Missed Opportunities

At Futbol Club Barcelona, you are expected to win every single trophy you compete for while winning every single game you play with attacking flair and sheer brilliance. It is unreasonable to think, let alone expect, any team can do this year after year. With unmatched success comes unmet expectations. When you win the most Champions League trophies in the modern era, win two trebles, engineer the greatest comeback in Champions League history, engineer the biggest thrashings of your eternal rival, the fans stop asking “What can this team do?” and start asking “What can’t this team do?”. While the expectations of the fan base may be unreasonable at times, what isn’t unreasonable is to ask for consistency. Knowing what this team is capable of, then seeing how they play at times this season makes them borderline unwatchable and the manager is partly to blame.

If your goal is to compete for and ultimately win all available trophies or any trophies for that matter, you have to be able to get results without your first choice starting XI. Unfortunately, this season, Barcelona haven’t shown that. Matters are made worse by the fact that Luis Enrique tends to be a bit stubborn when it comes to picking his players and choosing his tactics. No game explains this better than the loss to Málaga at La Rosaleda. After seeing That Team in Madrid drop points at home to That Other Team in Madrid, Barça were in prime position to take control of their league destiny. A win would put them in first, albeit with one more game played than That Team in Madrid. Win out, El Clásico included, and the league trophy is yours.

Instead, they gave one of the worst league performances of the year in losing 2–0, with the first goal coming from who else, but former Barcelona striker Sandro. The game was a mess from start to finish. The lineup starting the game couldn’t do anything in midfield, the defense was overran and the forwards fluffed their chances. The substitutions just gave more of the same with more control over the game and more possession, letting in a goal in the final minutes. Knowing that their Champions League tie against Juventus is coming up on Tuesday, it’s understandable that you’d want to keep your best players fit for that game. What isn’t understandable, is why you’d start players who haven’t shown the metal to start games like this.

André Gomes and Denis Suárez are quality players, there’s no doubt in my mind. I’ve seen it for their former teams Valencia and Villarreal, respectively. This year, their first years with the Barcelona first team, can be chalked up to being a learning year. They were brought in at Lucho’s request to add quality depth after last seasons problems, but they haven’t taken to the team as quickly as everyone had hoped. The same can also be said for Lucas Digne and Paco Alcácer, the latter who came on as a substitute and the former who didn’t see any playing time Saturday. In a perfect world, all four of these men could have slotted in for Andres Iniesta, Neymar, Jordi Alba, and Luis Suárez respectively and earned a win against Malaga. They have the capabilities to do so, but I feel some of the blame has to go to the manager.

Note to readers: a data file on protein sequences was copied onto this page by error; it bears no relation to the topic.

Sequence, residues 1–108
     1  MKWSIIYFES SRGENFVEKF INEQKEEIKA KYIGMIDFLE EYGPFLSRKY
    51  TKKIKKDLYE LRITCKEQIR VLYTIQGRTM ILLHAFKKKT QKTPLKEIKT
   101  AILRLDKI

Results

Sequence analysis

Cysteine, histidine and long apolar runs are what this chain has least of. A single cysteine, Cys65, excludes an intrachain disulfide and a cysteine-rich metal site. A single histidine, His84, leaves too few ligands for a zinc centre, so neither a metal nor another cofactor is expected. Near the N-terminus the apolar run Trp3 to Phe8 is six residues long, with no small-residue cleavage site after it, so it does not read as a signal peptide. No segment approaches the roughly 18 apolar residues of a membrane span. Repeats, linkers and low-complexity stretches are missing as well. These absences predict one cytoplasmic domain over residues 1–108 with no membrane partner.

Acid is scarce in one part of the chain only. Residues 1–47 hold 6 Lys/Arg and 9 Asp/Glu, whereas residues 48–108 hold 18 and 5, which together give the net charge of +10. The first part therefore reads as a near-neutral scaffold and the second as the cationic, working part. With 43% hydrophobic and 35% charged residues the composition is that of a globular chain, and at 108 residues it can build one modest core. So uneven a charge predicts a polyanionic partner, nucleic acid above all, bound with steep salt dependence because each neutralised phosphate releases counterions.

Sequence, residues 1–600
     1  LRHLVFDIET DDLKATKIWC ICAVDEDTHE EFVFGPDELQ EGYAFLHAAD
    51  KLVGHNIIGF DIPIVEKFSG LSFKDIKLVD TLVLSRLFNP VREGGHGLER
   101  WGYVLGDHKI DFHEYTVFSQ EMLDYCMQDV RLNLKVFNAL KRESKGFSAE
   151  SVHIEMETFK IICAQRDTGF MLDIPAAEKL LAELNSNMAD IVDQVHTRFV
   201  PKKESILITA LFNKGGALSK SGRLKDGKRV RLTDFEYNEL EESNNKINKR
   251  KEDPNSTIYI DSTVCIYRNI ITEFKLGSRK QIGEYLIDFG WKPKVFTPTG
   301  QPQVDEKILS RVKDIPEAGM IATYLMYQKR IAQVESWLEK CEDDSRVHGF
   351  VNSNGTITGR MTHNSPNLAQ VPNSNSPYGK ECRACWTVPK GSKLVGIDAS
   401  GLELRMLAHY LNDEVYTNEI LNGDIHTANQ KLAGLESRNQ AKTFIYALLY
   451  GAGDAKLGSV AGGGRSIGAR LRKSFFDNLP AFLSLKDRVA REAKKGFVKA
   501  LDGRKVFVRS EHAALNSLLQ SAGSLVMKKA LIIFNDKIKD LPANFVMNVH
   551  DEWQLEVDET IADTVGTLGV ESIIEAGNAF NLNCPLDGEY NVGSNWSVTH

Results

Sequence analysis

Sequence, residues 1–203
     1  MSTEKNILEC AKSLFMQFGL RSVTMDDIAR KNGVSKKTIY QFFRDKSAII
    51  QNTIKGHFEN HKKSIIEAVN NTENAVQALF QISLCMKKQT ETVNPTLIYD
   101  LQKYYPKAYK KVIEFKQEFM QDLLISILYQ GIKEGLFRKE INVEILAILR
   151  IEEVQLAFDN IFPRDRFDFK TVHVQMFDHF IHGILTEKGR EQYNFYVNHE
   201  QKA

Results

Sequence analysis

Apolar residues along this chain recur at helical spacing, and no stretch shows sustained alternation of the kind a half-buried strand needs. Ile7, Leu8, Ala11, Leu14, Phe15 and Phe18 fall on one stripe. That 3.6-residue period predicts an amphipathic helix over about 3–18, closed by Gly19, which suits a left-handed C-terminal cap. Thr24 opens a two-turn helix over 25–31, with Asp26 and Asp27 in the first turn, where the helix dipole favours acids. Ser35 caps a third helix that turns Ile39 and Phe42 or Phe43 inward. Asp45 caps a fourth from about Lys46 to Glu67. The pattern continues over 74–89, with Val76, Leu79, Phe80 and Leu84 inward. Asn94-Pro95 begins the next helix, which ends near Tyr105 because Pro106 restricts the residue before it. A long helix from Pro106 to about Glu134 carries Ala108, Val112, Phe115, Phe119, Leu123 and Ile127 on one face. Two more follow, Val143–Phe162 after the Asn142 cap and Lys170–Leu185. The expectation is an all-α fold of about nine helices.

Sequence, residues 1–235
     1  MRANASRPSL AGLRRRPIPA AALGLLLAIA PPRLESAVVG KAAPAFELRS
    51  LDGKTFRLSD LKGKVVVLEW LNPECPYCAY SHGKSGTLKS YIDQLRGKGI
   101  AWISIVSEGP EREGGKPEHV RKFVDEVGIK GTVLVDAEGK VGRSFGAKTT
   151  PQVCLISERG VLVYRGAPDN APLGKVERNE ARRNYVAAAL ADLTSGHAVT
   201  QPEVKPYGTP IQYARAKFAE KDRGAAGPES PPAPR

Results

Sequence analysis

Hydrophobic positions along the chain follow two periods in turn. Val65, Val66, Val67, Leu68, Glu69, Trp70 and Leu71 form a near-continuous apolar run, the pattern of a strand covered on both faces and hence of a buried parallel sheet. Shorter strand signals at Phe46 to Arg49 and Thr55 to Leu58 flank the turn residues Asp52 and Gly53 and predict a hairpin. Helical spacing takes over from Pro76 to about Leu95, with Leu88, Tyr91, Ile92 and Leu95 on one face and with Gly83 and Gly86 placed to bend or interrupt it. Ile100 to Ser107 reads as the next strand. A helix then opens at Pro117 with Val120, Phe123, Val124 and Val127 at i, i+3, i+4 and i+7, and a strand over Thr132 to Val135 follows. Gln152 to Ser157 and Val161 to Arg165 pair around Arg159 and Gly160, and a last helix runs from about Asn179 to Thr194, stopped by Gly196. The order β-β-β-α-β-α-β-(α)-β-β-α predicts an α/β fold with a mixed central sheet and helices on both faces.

The game against Málaga saw Barcelona lineup in a 4–3–3. Ter-Stegen; Mascherano, Umtiti, Mathieu, Alba; Busquets, Denis, Gomes; Messi, Suárez, Neymar. Normally, that would be our preferred formation. With the injury to Aleix Vidal, Sergi Roberto not being a true full back and the aforementioned situation with Digne, it leaves us with only one true full back in Alba. The rest of our back line was made up of center backs, two of them being over thirty. A team like Málaga loves to press, especially at home in front of their raucous crowd. After seeing the success the 3–4–3 brought us, the best option in my opinion, would to have been starting ter-Stegen; Mascherano, Umtiti, Mathieu; Busquets, Roberto, Alba; Messi; Neymar, Suárez, Denis. Many Barcelona fans would disagree with this defensive setup. If you lack the attacking firepower thru suspensions and injuries, while needing to rest players for Tuesday, then this setup allows for control in the midfield, protection for the two older outside center backs, dynamic wingers to go at Málaga’s full backs and a Messi & Suárez tandem to bully their center backs. This formation would also allow for us to switch out Mathieu for Pique on Tuesday, Alba + Roberto for Iniesta + Rakitić, and Denis for Paco. Making it easier in attack for a rigid defensive team like Juventus.

This also avoids the problem of André and Denis completely absolving themselves of their midfield responsibilities and hoping that Messi, Suárez and Neymar will just create magic if the ball is at their feet or if they try to get the ball to them as soon as possible. André’s game isn’t yet up to par to be playing a game like last Saturday’s and some of Denis’ best playing came as left mid/left winger hybrid for Villarreal. Who knows if Neymar still gets sent off for expressing growing frustrations at how the game is going, but I do know that Alba and Roberto being able to keep the ball at their feet and pass well helps open up opportunities for runs from them as well as Denis and Neymar, opening up the field and spreading the Málaga defensive set up. With Sergi Roberto’s defensive help on the right, Mascherano doesn’t have to drift out of position, leaving Umtiti to provide help to Mathieu who can receive assistance from Alba too, if needed. Jérémy can fully concentrate on trying to contain Sandro’s runs while he’s alone up field.